Pharma giant GSK just made a $5.1 billion bet on a cancer drugmaker

emma walmsley GSKEmma Walmsley of GlaxoSmithKline poses in this undated photograph released in London.Reuters via handout

  • GlaxoSmithKline just agreed to acquire the cancer drugmaker Tesaro for $5.1 billion in a bid to bulk up its cancer pipeline.
  • Tesaro makes a drug called Zejula, which is used to treat ovarian cancer.
  • GSK has been working to refresh its research-and-development strategy - in July it made a $300 million investment in the consumer-genetics company 23andMe.

GlaxoSmithKline is getting deeper into cancer drug development.

On Monday, the UK-based pharma giant said it had agreed to acquire Tesaro, a cancer drugmaker with a treatment for ovarian cancer, for $5.1 billion.

Tesaro was up 60% on the news before markets opened Monday while GSK was down 6%.

GSK has been working to refresh its research-and-development strategy. In 2017, GSK brought on Hal Barron, a former Genentech and Calico executive, as its chief scientific officer and president of R&D.

As part of that, the company made a $300 million investment in the consumer-genetics company 23andme. GSK also said in July that it planned to focus its research efforts on developing new treatments that act on the body's immune system.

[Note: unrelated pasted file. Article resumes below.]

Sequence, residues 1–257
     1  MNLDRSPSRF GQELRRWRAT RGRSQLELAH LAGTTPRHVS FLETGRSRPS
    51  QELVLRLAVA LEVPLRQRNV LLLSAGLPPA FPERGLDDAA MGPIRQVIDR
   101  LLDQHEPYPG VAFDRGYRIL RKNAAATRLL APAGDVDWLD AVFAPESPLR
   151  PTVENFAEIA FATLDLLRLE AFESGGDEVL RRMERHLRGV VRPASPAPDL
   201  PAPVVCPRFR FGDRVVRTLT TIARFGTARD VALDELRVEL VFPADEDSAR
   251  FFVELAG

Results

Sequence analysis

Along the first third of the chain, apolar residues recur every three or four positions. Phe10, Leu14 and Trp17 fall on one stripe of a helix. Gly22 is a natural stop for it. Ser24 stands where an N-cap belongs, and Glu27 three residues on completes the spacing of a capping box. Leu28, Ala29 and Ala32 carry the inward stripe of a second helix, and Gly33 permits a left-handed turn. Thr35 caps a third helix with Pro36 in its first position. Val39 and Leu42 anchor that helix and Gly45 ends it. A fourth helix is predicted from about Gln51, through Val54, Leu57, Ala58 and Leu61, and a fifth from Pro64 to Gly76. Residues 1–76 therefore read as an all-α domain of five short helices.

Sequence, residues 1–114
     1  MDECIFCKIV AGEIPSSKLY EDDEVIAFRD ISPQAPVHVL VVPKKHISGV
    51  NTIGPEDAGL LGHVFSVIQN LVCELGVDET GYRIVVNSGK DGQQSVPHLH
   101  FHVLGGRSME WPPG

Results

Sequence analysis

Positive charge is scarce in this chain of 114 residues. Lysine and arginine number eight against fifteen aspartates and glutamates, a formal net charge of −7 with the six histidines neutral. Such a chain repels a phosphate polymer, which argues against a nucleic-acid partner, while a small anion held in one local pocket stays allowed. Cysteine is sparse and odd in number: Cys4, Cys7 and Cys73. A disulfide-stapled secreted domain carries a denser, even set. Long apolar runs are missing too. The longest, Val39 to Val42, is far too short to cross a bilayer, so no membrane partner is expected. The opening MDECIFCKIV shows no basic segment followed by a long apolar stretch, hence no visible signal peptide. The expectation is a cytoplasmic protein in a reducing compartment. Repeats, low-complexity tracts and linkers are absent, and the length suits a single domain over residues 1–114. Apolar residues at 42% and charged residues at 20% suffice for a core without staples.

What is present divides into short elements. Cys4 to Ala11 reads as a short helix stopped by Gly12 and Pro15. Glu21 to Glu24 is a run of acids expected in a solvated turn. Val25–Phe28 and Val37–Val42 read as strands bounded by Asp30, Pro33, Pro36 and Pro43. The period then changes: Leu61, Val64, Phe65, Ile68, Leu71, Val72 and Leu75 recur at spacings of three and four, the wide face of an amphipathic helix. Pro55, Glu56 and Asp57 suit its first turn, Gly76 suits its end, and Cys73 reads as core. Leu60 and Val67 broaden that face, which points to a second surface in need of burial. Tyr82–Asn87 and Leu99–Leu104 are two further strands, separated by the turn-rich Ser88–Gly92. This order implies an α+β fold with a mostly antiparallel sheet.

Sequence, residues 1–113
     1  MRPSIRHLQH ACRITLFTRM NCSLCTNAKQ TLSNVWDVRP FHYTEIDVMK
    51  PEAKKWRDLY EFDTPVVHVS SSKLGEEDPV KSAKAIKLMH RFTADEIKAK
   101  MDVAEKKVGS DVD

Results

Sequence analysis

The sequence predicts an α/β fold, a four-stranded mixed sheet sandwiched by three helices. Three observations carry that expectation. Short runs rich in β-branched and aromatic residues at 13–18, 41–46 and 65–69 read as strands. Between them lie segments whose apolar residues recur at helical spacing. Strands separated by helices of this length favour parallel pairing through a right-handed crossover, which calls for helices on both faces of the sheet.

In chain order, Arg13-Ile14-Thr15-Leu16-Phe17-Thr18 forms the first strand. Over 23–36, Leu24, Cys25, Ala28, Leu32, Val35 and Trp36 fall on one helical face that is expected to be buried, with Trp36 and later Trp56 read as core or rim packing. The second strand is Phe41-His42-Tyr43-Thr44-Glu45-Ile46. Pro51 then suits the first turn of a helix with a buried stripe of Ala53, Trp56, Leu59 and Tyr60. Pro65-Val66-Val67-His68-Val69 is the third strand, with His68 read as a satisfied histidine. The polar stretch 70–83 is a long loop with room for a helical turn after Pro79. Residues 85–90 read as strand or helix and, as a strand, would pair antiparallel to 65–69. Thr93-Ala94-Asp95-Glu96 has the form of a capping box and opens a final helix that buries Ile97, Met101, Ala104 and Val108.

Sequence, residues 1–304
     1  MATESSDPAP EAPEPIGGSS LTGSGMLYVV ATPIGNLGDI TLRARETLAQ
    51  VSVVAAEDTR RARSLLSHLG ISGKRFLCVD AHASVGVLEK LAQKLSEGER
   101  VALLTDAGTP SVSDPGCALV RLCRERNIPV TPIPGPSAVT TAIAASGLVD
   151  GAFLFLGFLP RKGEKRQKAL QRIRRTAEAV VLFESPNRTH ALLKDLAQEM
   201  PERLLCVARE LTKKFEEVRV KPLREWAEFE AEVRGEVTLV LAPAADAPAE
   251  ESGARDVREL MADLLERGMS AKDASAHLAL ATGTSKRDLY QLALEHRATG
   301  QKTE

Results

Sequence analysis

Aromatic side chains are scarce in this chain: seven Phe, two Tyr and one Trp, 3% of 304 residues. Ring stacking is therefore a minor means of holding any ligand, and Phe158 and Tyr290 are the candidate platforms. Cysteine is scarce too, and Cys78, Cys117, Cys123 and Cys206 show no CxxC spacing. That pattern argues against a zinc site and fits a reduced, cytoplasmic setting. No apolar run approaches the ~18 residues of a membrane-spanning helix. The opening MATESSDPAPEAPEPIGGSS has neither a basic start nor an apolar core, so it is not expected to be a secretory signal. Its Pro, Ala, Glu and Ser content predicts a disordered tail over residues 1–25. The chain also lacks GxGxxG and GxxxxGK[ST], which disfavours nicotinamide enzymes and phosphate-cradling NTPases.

Read more: Why pharma giant GSK just made a $300 million bet on 23andMe's approach to finding new medicines

"Our strong belief is that PARP inhibitors are important medicines that have been under appreciated in terms of the impact they can have on cancer patients," Barron said said in a press release. "We are optimistic that Zejula will demonstrate benefit in patients with ovarian cancer beyond those who are BRCA-positive as front-line treatment."

Tesaro makes a cancer drug called Zejula, which is used to treat ovarian cancer.

Zejula is a pill that's taken once a day, and it's part of a group of cancer drugs called PARP inhibitors. Essentially, they block a particular enzyme that's used by our cells to repair DNA. In certain kinds of cancer that repair system is broken, allowing cancer cells to thrive, so blocking it is critical.

Zejula isn't the only PARP inhibitor out there: Pfizer acquired one in its deal for Medivation, Clovis Oncology makes Rubraca, and AstraZeneca has Lynparza

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